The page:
The exponential sensitivity of genetic switches also has important physiological consequences. In recent experiments, Maamar et al [2, 3] showed that protein bursting is a major source of the noise driving the induction of competence. Furthermore, they were able to change the noise-driven switching rate (the inverse of the MFPT) in the B. subtilis competence system, while keeping mean protein numbers fixed, by manipulating transcription and translation rates. This suggests that evolution can tune switching rates while keeping mean protein levels fixed. (Note, however, that switching rates are also likely to be influenced by additional factors such as temperature, pH, fluctuations in the number of cellular components important for transcription and translation such as polymerases and ribosomes, and extra-cellular factors such as chemicals present in the environment.)
By our analysis, switching—because it is like barrier crossing in statistical mechanics—is likely to be exponentially sensitive to all these factors. Indeed, this may be one of the causes for the large variations observed in experiments on the number of swimming cells and chains in a cultures of B. subtilis . However, it is then natural to ask if, and how, cells can achieve robust switching. For example, robust switching may be achieved using alternative switching mechanisms such as all-or-none events that switch the cell between the low- and high-expression states . Such an all-or-none event could correspond to the disassembly of an entire repressor complex bound to the promoter of a gene, allowing multiple mRNA molecules to be made rapidly. If switching is dominated by these all-or-none events and not the tails of probability distributions, then switching is no longer necessarily exponentially sensitive to changes in parameters. This scenario may be relevant to competence since a repressor complex is known to be important in regulating the master competence regulator ComK . Alternatively, cells could switch robustly by actively tuning noise to control switching rates. Recent experiments suggest that this may indeed be the case in mycobacteria . A final possibility is that large variations in the switching rate may be acceptable or even desirable for cells living in certain environments [44, 45]. Thus, cells may exploit the exponential sensitivity of noise-driven switching to increase their fitness. It will be interesting to better understand the ecological and evolutionary implications of noise-driven switching.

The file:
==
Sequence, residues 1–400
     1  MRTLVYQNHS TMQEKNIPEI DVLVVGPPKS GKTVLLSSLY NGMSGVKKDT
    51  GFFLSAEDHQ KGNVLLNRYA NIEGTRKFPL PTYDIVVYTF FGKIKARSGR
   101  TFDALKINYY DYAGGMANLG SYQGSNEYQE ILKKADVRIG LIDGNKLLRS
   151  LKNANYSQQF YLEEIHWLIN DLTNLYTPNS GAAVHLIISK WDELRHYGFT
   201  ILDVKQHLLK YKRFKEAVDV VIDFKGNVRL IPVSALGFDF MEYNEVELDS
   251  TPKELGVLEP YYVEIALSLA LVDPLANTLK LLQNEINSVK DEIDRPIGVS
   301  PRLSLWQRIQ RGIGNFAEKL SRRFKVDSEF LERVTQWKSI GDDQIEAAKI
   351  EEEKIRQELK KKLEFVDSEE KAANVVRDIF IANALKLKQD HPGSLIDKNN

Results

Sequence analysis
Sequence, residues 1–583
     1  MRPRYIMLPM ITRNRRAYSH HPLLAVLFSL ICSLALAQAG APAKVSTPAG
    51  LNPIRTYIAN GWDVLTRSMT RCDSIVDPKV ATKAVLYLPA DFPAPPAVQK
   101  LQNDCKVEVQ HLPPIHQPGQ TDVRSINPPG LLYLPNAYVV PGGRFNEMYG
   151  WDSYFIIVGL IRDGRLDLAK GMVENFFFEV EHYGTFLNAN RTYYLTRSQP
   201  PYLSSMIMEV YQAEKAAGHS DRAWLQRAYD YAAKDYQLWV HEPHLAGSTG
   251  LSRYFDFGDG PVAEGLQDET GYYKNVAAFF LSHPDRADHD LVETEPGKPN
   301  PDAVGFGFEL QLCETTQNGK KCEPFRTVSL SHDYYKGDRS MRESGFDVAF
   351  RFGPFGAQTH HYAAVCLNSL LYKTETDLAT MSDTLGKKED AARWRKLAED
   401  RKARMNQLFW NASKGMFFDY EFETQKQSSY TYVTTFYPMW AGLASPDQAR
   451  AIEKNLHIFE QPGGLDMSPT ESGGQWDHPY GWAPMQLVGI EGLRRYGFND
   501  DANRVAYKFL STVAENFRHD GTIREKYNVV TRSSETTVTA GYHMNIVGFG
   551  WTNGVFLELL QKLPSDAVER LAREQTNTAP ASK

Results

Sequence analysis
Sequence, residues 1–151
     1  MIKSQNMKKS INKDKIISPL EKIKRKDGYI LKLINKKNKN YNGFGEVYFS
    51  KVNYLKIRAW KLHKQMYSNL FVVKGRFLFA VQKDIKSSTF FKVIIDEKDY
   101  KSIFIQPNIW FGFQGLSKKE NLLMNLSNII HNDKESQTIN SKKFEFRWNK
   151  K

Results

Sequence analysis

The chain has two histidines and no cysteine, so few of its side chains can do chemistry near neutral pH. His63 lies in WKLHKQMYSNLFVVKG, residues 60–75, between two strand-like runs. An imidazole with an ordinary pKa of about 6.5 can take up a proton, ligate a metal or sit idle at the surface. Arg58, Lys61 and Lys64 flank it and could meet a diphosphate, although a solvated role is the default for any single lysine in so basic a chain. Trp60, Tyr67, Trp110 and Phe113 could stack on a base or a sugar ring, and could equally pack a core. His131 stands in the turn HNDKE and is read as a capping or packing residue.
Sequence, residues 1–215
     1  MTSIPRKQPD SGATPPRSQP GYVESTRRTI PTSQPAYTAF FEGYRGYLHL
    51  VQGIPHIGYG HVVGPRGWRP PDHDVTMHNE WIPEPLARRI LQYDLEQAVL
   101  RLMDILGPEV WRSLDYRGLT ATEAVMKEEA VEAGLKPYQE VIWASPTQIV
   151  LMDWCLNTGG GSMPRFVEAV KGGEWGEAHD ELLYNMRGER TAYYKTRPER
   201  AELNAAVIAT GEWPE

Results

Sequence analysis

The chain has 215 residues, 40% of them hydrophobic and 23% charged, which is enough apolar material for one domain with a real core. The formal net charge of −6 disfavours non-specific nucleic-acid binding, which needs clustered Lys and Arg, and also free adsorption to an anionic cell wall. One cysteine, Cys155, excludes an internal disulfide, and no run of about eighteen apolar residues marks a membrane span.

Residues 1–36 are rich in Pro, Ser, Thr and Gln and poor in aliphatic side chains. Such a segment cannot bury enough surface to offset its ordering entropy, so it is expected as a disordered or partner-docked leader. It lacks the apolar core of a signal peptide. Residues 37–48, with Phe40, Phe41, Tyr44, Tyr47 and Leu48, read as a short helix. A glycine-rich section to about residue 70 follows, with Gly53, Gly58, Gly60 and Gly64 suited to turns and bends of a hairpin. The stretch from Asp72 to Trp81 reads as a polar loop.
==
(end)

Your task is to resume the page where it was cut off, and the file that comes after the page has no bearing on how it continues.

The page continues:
We would like to acknowledge D Dubnau, H Maamar, A Raj, M Elowitz, G Suel, S Goyal and A Sengupta for useful discussions. This work was supported in part by US National Institutes of Health (NIH) grants R01 GM073186 and PSO GM071508, and by the Defense Advanced Research Project Agency (DARPA) under grant HR0011-05-0057.